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A multiplex refers to any movie theater with five or more screens. (In exhibition parlance, a two-screen theater is a twin, a three-screen is a triplex, and a four-screen is a quad. Much of the following article describes practices prevalent with these exhibitors as well.)
The economics of the multiplex introduced a substantial degree of automation to the projection booth. Because one projectionist would be responsible for many shows simultaneously, the multiplex model leaned heavily on the use of xenon lamps, platters, make-up tables, foil cues,shoe polish, interlocking, Kelmar cleaners, lens turrets, and more.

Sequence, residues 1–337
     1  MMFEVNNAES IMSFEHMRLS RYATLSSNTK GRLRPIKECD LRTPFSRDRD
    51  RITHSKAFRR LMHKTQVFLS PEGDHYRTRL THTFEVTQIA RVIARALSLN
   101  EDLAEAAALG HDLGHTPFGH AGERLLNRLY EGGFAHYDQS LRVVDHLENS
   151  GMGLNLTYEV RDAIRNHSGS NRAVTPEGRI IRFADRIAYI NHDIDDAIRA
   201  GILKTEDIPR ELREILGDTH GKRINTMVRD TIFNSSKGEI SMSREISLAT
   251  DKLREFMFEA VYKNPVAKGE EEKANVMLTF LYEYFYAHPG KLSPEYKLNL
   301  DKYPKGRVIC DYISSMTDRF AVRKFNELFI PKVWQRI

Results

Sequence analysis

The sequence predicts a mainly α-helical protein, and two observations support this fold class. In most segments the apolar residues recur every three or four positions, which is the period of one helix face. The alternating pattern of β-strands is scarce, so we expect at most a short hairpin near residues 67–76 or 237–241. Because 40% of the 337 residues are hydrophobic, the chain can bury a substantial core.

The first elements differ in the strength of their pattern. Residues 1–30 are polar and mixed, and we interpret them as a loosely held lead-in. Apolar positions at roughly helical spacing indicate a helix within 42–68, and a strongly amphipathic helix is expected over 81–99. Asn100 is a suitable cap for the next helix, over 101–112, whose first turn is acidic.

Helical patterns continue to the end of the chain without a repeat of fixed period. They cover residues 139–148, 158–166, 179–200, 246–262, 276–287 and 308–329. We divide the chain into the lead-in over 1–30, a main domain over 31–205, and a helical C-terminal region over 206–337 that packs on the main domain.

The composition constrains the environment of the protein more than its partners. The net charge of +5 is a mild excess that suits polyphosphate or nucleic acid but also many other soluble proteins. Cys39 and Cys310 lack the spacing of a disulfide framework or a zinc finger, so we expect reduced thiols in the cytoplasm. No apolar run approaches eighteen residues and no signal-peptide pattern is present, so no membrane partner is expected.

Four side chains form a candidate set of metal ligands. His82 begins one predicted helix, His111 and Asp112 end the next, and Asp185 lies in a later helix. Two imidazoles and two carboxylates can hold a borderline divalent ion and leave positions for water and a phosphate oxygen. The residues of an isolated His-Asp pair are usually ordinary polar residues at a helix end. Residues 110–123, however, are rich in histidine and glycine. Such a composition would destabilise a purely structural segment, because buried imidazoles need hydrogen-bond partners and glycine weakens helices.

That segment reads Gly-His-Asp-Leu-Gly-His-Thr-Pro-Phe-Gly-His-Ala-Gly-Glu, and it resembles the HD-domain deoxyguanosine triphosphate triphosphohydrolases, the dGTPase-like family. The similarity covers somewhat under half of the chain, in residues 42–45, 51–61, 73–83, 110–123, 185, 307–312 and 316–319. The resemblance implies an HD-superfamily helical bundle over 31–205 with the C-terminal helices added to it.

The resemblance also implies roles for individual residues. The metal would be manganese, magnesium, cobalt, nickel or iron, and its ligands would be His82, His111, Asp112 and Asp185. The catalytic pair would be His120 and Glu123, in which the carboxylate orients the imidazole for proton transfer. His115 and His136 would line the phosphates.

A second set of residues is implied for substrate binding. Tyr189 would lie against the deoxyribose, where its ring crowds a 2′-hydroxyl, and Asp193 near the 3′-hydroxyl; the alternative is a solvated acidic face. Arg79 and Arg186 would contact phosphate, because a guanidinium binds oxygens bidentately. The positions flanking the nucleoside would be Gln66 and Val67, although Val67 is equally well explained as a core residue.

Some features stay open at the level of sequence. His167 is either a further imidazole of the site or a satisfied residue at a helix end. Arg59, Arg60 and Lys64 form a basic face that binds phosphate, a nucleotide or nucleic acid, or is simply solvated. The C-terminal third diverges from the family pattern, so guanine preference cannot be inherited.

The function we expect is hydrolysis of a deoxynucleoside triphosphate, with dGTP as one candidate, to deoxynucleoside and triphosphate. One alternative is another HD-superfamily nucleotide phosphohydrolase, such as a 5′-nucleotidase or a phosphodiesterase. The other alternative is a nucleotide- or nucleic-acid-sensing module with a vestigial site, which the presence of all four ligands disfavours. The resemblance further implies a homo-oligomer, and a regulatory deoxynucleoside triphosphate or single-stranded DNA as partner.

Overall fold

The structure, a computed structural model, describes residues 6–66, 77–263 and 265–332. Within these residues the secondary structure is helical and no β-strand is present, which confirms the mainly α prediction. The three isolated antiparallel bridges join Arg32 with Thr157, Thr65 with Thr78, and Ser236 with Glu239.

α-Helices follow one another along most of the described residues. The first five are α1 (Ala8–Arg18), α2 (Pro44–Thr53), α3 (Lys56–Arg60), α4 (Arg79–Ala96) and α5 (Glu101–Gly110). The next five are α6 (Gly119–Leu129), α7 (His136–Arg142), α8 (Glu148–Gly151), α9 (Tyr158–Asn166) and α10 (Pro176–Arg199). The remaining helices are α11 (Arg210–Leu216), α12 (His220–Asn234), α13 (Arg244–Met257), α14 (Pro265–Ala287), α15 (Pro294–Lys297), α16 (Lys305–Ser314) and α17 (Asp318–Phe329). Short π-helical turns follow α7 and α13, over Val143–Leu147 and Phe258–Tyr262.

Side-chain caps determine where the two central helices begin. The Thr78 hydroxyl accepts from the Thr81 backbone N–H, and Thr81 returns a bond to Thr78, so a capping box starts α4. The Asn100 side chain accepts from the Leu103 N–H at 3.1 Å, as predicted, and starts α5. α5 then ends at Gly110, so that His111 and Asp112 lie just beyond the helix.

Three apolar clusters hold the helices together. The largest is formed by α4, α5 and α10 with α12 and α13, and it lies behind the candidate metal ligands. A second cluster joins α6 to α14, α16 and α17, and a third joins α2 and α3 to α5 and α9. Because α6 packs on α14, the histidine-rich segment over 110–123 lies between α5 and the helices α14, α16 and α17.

Multiplex projection practices arose in an era when studios produced hundreds or thousands of prints for a typical release, and the consequences of damaging an individual print were very low. Given the radical shift in the exhibition landscape spurred by the introduction of DCP, all surviving film prints should now be treated as archival objects. Many of today's projectionists gained substantial experience working in a multiplex environment. This expertise is valid and valuable, but may include certain habits and philosophies that do not reflect archival best practices.